Magnus Carlsen dominates day 2 in Cote D'Ivoire, moves to Rapid Elo of 2896!
After the Grenke Chess Classic 2019 talks about Magnus Carlsen breaching 2900 mark became very relevant. The World Champion is currently on 2875 on the classical rating list, but in rapid ratings he has moved all the way upto 2896! If Carlsen does manage to breach 2900, this won't be the first time as he has reached 2919 before. However, it just goes to show how he is dominating the chess world in all formats. The second ranked rapid player is Nakamura with an Elo of 2835! On day two of Cote D'Ivoire Rapid, which is the first leg of the Grand Chess Tour 2019, Magnus Carlsen continued with his dominance. He is currently on 10/12, followed by Nakamura on 8/12 and Wei Yi on 7/12. An illustrated report by Tanmay Srinath.
Cote D’Ivoire Day 2: Magnus opens up a two point lead on dramatic day
Today’s rapid games were sharper and more volatile, as the players looked to get a foothold on the top standings. Magnus Carlsen stood out again, with another 5.0/6 day (In rapid, points are doubled – two for a win and one for a draw) to open up a 2 point lead over Hikaru Nakamura, who recovered from his loss in the 5th round to stand as sole second with 8.0/12 and 3 rounds to go. Baseem Amin finally opened his account, with a loss, win and draw respectively, while Topalov’s and Nepo’s struggles for form continued as they formed the tailender group. A peek under the surface:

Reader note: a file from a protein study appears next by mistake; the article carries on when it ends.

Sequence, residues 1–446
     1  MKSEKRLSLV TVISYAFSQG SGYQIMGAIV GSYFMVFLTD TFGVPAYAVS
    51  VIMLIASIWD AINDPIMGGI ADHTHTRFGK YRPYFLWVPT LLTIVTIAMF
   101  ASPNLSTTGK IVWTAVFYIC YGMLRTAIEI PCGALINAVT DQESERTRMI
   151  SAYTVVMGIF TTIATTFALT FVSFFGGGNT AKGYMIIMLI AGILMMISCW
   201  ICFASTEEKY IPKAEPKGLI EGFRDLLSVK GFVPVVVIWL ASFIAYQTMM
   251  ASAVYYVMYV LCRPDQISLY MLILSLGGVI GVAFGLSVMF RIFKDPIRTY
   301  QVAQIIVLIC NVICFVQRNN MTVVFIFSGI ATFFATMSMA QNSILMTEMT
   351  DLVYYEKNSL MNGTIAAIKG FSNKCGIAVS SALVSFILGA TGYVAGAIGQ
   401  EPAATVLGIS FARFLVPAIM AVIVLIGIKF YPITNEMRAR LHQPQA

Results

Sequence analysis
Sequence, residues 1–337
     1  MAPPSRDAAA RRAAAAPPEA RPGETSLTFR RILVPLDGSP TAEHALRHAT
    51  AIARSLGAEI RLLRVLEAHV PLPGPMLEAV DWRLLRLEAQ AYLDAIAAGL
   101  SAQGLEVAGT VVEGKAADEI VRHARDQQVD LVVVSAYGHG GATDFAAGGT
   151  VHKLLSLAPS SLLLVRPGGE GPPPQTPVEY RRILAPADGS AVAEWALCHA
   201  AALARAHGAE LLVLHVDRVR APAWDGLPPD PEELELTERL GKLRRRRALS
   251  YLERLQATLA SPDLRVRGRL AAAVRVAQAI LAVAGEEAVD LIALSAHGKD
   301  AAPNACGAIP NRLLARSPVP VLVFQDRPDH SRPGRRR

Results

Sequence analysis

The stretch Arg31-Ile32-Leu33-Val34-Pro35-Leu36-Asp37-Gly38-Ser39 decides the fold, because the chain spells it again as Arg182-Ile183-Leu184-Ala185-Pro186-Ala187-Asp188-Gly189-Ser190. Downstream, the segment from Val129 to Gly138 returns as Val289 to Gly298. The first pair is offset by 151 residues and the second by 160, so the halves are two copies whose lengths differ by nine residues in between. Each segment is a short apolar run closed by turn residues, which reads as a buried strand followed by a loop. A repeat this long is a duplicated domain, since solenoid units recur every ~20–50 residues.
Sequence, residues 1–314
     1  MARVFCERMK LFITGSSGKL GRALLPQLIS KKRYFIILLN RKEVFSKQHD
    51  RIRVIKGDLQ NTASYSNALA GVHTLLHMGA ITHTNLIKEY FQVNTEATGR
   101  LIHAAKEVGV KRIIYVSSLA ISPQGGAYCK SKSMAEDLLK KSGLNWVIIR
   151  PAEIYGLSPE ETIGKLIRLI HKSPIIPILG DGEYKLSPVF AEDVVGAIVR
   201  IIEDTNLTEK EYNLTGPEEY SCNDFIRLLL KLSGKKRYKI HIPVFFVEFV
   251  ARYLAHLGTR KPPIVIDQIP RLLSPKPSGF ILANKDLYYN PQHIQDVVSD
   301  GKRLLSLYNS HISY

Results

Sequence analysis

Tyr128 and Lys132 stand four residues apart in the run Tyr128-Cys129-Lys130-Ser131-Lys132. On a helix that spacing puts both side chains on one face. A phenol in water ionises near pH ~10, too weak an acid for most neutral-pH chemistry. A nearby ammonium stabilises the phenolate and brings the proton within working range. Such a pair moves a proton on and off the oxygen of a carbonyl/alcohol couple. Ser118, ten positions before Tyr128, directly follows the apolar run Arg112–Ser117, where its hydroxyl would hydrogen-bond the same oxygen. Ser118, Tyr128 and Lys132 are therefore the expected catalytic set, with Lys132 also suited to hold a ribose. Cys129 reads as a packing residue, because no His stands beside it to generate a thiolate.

This round produced the most number of decisive results till now-4! Clearly the well rested players went for each other’s throats, and what we got were pure dogfights! The usual suspects managed to win their games, and we’ll start with MVL’s masterclass against Wei Yi.
MVL vs Wei Yi
The game started as a 5.Nc3 Petroff, the most critical try for an advantage at the top level. The players went on an exchanging spree, and soon we reached a peculiar endgame, where White had the bishop pair and prospects of a more active king, but Black had counterplay against White’s shattered kingside pawns. The game was dynamically balanced, but easier for White to play. It was on move 27 that Wei Yi committed the decisive mistake.
To make the situation more interesting for the readers, solve the following position!